Small spaces are great--they're economical, easy to manage, and allow you to live where the action is without paying the premium. With these six tips, not only will you be saving on your heating bill, you'll be doing it in style and with surprising legroom.
Speaking of legs, an easy way to increase the perceived size of a room is to create open or negative space-- and a great way to accomplish that is with legged furniture. Sure, that squat recliner may be comfortable, but it will make the room feel smaller and more crowded .
It stands to reason that using lighter colors will enhance the airiness of a room, reducing the cave effect of a dark color, but pale doesn't mean boring. Using a bright--not light--color and bold patterns will call attention to the wall and not the tightness of the room. Different colored paint is also a really nice way to divide the room into smaller sections, making a single-room loft or studio seem less like one big box. Use corners as defined areas and accent walls; change the color and create smaller spaces within the larger one.
Don't just use paint to create spaces within the whole--organize your furnishing into clusters; a small dining nook, a couch facing the television, an area rug with a reading lamp and soft chair. By creating differentiated areas and not just lining your walls with furniture, one room becomes many and you aren't left with a big empty area in the middle of the room.
In a small apartment, it is easy to accumulate clutter; with little storage space, just a couple of extra purchases can have a big impact. The buildup of stuff will quickly look chaotic and messy - making the room you've spent so much time making look big look cramped instead. It is the same principle used when choosing furniture with legs: open space makes a room look airy and larger than it is; the opposite does, well, the opposite.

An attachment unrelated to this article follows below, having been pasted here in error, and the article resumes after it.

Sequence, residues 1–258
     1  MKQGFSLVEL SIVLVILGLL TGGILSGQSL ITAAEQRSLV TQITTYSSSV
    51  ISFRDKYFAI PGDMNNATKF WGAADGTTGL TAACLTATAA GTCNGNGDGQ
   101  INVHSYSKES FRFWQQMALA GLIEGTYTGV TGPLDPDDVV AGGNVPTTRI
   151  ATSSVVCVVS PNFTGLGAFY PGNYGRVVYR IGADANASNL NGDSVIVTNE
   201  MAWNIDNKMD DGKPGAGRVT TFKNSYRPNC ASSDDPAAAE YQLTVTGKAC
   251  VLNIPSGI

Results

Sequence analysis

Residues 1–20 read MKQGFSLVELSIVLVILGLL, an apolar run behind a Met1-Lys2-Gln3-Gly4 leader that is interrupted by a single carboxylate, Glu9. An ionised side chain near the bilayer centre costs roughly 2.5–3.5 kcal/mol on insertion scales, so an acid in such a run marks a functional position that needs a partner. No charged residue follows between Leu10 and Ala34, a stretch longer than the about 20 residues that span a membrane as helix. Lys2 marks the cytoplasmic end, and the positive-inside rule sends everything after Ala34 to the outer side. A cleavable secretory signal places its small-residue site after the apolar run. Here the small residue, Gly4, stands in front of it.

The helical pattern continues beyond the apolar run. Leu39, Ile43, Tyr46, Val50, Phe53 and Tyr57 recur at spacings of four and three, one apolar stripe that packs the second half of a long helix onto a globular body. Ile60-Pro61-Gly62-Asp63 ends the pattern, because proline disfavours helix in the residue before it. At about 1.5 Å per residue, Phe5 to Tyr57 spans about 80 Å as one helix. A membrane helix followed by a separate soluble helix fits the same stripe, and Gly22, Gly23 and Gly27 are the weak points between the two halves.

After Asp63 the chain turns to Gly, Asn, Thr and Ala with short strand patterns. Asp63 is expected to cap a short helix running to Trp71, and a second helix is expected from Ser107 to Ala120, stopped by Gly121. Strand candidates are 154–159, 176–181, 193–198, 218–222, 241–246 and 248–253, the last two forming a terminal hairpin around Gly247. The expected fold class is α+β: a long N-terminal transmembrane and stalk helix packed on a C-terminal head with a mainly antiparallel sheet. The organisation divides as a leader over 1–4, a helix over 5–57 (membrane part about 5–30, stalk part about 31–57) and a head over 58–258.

Keep on top of your cleaning—remember, a small apartment will look messy much faster than a larger one. Once that apartment is clean, work on creating priorities for your space. Be very conscious of what you're purchasing and how important or necessary that item is - is it worth the room it will take? Is it important enough to replace something you already have? Do the arithmetic, and not only will you save room, you'll save money.
Going back to our first tip, conserve as much floor area as possible for larger grounded items such as couches and tables. Anything that can go on the wall, hang from the ceiling, or from under a cabinet, should. Hang pots and pans from hooks, purchase a microwave that attaches to the underside of your kitchen cabinet, put up wall shelves for your books instead of using a big book case.
There is no rule that states that furniture shall have only one function. In small spaces, multi-functional furniture is your best friend. A mattress that folds; an ottoman that is also a storage area; storage drawers that fit under the bed; a dining table that doubles as a desk are great space-saving options. Look to other cultures, such as Japan, where they sleep on shikibutons - thin futons that can be folded up in the morning and stored in a closet - for inspiration.With a little planning and creativity you can make a small space feel large and open, comfortable and chic. Don't let the square footage of your apartment define you, use your style and imagination to create a place you'll love to spend time in and enjoy with friends.
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